I’ve had the same conversation with a number of entrepreneurs recently.
In the context of a discussion about their possible funding needs, I have asked them what they would do with, say, $10 million.
Invariably, at that moment, the conversation stops as the entrepreneur begins to ponder a question that they obviously haven’t given much thought to.
There is no doubt that for a small, growing business $10 million is a lot of money. It’s a lot of money for any business.
But the silence that my question invariably meets with suggests that most entrepreneurs tend to stop dreaming once their business has safely navigated the start-up stage.
There is no doubt that, had I asked these people that question as they were planning their launch, they would have been able to easily find a home for a lazy $10 million.
Extra sales staff. More advertising. Better IT systems. The shopping list would have gone on and on.
But once the business is up and running, it seems most entrepreneurs become focused on the day-to-day reality of their enterprise. In short, they become sensible.
Clearly, there is nothing wrong with that. Business is all about generating profitable growth, not merely spending bucket loads of other people’s money.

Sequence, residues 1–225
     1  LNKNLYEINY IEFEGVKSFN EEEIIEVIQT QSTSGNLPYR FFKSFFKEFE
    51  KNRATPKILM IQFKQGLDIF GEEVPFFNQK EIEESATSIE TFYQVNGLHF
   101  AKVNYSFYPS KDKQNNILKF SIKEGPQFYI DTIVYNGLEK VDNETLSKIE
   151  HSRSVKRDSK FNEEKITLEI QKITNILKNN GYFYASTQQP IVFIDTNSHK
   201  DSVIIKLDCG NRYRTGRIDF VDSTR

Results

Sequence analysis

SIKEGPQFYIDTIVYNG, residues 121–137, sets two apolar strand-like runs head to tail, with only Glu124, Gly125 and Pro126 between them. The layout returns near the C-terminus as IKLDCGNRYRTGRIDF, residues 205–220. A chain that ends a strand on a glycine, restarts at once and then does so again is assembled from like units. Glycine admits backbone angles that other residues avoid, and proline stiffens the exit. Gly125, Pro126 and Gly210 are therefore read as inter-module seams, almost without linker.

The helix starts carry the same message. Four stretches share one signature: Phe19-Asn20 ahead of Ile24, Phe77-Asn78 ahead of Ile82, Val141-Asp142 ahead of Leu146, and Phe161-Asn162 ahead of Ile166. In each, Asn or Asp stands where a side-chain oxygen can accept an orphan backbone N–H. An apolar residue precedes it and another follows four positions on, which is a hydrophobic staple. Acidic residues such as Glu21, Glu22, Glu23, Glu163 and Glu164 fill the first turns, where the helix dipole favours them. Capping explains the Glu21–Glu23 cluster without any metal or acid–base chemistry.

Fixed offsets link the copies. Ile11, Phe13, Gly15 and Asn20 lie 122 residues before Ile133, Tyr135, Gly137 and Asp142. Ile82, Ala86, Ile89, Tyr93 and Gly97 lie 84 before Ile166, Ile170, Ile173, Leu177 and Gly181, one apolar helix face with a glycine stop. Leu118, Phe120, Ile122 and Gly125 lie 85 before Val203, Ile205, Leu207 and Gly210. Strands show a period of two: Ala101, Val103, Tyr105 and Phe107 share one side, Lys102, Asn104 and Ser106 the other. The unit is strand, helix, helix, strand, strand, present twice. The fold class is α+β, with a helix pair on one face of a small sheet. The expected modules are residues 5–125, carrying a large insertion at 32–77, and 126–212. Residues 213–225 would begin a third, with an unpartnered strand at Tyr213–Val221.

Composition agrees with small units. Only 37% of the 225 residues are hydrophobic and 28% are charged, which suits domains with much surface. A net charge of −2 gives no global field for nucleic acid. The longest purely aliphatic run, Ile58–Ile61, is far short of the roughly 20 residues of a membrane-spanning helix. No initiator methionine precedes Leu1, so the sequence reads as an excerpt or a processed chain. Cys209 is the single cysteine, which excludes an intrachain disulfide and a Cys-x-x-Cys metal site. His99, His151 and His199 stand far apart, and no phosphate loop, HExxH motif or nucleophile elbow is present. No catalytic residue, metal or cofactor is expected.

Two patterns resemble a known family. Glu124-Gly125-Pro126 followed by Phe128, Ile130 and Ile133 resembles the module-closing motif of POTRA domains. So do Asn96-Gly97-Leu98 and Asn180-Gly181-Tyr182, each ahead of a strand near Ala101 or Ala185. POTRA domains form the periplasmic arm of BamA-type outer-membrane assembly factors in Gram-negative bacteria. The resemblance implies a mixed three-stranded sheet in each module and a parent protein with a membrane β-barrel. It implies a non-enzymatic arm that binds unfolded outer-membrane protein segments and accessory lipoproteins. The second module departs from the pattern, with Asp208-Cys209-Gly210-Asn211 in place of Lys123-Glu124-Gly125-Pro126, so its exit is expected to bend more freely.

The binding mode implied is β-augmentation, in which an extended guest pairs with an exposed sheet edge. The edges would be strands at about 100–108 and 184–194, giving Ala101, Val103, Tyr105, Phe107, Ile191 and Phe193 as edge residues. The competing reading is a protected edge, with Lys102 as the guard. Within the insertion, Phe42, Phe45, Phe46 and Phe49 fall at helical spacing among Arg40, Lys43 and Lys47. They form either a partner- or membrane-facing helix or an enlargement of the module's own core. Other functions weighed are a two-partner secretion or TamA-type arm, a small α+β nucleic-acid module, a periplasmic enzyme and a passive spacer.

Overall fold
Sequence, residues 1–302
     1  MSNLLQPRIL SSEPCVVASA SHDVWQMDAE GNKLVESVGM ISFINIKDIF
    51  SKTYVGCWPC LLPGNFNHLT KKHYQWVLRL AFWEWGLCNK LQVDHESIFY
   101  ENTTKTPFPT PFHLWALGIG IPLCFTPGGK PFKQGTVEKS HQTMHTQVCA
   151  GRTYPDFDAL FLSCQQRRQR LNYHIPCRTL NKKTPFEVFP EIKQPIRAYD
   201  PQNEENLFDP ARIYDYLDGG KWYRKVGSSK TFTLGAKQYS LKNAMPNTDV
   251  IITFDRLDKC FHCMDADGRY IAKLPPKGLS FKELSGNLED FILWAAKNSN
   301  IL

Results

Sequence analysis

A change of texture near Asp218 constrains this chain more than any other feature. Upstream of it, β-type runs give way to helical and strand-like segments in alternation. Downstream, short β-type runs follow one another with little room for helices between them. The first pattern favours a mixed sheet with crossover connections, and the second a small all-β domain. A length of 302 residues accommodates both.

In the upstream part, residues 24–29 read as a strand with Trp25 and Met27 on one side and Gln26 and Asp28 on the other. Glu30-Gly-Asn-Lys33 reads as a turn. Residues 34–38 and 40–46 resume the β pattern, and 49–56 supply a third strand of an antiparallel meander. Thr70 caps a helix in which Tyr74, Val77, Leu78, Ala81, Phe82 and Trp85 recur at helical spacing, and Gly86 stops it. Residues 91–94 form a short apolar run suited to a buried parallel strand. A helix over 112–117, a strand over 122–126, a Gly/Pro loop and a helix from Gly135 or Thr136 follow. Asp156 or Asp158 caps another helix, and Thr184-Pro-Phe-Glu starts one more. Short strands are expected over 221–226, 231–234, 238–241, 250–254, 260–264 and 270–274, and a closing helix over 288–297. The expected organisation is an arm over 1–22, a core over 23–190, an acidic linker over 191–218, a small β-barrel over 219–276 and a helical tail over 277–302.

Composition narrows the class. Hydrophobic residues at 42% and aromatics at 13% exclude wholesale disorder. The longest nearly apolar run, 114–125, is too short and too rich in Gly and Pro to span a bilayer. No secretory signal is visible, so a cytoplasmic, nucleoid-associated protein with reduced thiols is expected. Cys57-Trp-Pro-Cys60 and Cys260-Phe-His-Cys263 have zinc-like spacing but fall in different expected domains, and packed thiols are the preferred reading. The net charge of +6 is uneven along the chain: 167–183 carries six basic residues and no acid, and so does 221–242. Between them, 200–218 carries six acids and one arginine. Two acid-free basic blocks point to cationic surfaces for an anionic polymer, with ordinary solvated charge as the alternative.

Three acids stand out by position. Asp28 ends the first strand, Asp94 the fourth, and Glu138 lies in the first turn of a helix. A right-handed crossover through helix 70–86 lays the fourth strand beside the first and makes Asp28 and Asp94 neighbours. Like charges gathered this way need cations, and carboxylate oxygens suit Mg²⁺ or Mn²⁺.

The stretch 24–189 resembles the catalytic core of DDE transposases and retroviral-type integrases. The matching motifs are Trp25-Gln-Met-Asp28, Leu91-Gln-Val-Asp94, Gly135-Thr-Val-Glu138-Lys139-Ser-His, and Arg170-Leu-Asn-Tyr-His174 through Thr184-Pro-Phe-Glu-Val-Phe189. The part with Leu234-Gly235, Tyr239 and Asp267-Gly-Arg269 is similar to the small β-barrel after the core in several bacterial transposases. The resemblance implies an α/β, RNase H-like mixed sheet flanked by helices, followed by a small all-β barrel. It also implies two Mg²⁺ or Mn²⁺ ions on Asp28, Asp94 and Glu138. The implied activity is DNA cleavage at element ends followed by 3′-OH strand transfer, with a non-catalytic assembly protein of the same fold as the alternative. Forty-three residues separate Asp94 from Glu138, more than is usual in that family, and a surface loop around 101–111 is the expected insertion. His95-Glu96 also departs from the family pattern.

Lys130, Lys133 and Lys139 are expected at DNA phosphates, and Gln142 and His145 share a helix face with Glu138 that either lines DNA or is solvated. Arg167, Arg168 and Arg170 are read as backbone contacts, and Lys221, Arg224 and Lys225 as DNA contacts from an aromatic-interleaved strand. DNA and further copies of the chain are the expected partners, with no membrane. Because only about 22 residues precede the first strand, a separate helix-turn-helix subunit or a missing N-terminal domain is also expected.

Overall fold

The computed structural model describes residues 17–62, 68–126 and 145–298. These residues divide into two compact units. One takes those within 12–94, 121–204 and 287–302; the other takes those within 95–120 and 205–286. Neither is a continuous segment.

The biggest plans are all for naught if the business fails to survive. Sensible can certainly be underrated.
Moreover, sometimes, there simply is no profitable allocation that could be found for a new cash injection. In those cases, taking on extra funding is simply irresponsible.
Yet I wonder if the real problem is that most entrepreneurs end up becoming too sensible. I wonder if a touch more imagination and ambition would be what they need to really take their business forward.
Too many entrepreneurs, in my view, end up working in their business and fail to spend enough time working on their business – dreaming, pondering, wondering.
There is nothing more powerful in business than aggressive, ambitious imagination.
So, what if I was to ask you what you would do with a cheque for $10 million?
Do you have an answer?
What’s even more important than the answer itself is whether you have been thinking about the question.
If you haven’t, I strongly recommend you regularly put some time away to think about it.
You never know when I might call to ask you!